roach


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roach 1

 (rōch)
n. pl. roach or roach·es
1. An edible freshwater cyprinid fish (Rutilus rutilus) of northern Europe.
2. Any of various similar fishes, such as some North American freshwater sunfishes.

[Middle English roche, from Old French roce, roche.]

roach 2

 (rōch)
n. pl. roach·es
1. A cockroach.
2. Slang The butt of a marijuana cigarette.

roach 3

 (rōch)
n. pl. roach·es
1. A roll of hair brushed up from the forehead or temple.
2. A hairstyle especially among certain Native American peoples in which the head is shaved except for a strip from front to back across the top.
3. Nautical
a. An outward curve in the leech of a fore-and-aft sail.
b. An inward curve in the foot of a square sail.
tr.v. roached, roach·ing, roach·es
1. To brush (hair) in a roach.
2. To shave (the mane of a horse) to a short bristle.

[Origin unknown.]

Roach

(rəʊtʃ)
n
(Biography) Hal, full name Harald Eugene Roach. 1892–1992, US film producer, whose company produced numerous comedy films in the 1920s and 1930s, including those featuring Harold Lloyd and Laurel and Hardy

roach

(rəʊtʃ)
n
1. (Animals) short for cockroach
2. (Recreational Drugs) slang the butt of a cannabis cigarette

roach

(rəʊtʃ)
n
1. (Nautical Terms) the amount by which the leech of a fore-and-aft sail projects beyond an imaginary straight line between the clew and the head
2. (Nautical Terms) the curve at the foot of a square sail
[C18: of unknown origin]

Roach

(rəʊtʃ)
n
(Biography) Hal, full name Harald Eugene Roach. 1892–1992, US film producer, whose company produced numerous comedy films in the 1920s and 1930s, including those featuring Harold Lloyd and Laurel and Hardy

roach1

(roʊtʃ)

n.
1. a cockroach.
2. Slang. the butt of a marijuana cigarette.
[1830–40, Amer.; by shortening]

roach2

(roʊtʃ)

n., pl. roach•es, (esp. collectively) roach.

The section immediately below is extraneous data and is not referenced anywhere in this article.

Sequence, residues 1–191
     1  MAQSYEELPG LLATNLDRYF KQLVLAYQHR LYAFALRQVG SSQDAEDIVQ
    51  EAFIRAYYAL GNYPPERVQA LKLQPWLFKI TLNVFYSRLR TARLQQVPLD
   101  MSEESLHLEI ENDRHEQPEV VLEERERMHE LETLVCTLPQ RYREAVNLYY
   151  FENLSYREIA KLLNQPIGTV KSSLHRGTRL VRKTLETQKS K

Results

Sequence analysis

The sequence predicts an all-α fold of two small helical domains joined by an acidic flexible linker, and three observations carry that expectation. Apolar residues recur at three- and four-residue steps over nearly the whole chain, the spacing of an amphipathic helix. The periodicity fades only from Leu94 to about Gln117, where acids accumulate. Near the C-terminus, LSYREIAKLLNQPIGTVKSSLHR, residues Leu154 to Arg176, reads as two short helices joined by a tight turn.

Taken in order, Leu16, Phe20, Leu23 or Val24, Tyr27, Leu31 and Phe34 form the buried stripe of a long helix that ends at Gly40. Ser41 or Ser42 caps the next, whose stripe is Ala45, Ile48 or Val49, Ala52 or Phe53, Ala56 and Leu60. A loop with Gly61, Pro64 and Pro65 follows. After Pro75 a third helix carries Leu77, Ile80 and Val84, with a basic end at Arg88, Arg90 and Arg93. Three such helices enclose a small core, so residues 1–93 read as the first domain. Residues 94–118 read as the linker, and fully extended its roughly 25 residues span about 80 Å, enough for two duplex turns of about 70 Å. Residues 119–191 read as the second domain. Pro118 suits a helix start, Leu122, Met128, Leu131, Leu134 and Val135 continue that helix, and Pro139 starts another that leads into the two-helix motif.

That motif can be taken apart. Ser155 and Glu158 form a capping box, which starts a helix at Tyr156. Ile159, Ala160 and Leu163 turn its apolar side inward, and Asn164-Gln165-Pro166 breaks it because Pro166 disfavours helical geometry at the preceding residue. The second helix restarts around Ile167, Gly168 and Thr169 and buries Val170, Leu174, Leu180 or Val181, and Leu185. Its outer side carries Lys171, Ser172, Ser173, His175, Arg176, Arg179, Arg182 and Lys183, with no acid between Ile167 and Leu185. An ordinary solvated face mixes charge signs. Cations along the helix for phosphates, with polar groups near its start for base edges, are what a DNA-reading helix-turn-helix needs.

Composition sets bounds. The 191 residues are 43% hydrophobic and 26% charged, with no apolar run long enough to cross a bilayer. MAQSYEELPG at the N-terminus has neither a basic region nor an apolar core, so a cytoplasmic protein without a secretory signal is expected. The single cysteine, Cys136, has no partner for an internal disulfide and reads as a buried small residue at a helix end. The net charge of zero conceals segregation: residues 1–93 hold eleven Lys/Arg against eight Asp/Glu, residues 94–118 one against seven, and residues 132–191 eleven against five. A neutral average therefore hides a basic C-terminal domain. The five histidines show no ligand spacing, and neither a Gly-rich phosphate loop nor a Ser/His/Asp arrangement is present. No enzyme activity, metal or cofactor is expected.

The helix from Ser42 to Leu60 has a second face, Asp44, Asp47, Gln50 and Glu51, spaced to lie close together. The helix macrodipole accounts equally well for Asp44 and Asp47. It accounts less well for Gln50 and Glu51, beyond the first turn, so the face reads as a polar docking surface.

1. a European freshwater fish, Rutilus rutilus, of the carp family.
2. a freshwater sunfish of the genus Lepomis, found in E North America.
[1275–1325; Middle English roche < Old French, of obscure orig.]

roach3

(roʊtʃ)

n.
1. hair combed up from the forehead in a roll or curve.
v.t.
2. to clip or cut off (the mane of a horse); hog.
3. to comb (hair) into a roach.
[1785–95]

Roach

To trim a horse’s mane short enough that it stands up straight.
ThesaurusAntonymsRelated WordsSynonymsLegend:
Noun1.roach - a roll of hair brushed back from the forehead
coif, coiffure, hair style, hairdo, hairstyle - the arrangement of the hair (especially a woman's hair)
2.Roach - the butt of a marijuana cigaretteroach - the butt of a marijuana cigarette  
stub, butt - the small unused part of something (especially the end of a cigarette that is left after smoking)
3.roach - street names for flunitrazepan
flunitrazepan, Rohypnol - a depressant and tranquilizer (trade name Rohypnol) often used in the commission of sexual assault; legally available in Europe and Mexico and Colombia
4.Roach - any of numerous chiefly nocturnal insectsroach - any of numerous chiefly nocturnal insects; some are domestic pests
dictyopterous insect - cockroaches and mantids
Blattaria, Blattodea, suborder Blattaria, suborder Blattodea - cockroaches; in some classifications considered an order
Asiatic cockroach, blackbeetle, Blatta orientalis, oriental cockroach, oriental roach - dark brown cockroach originally from orient now nearly cosmopolitan in distribution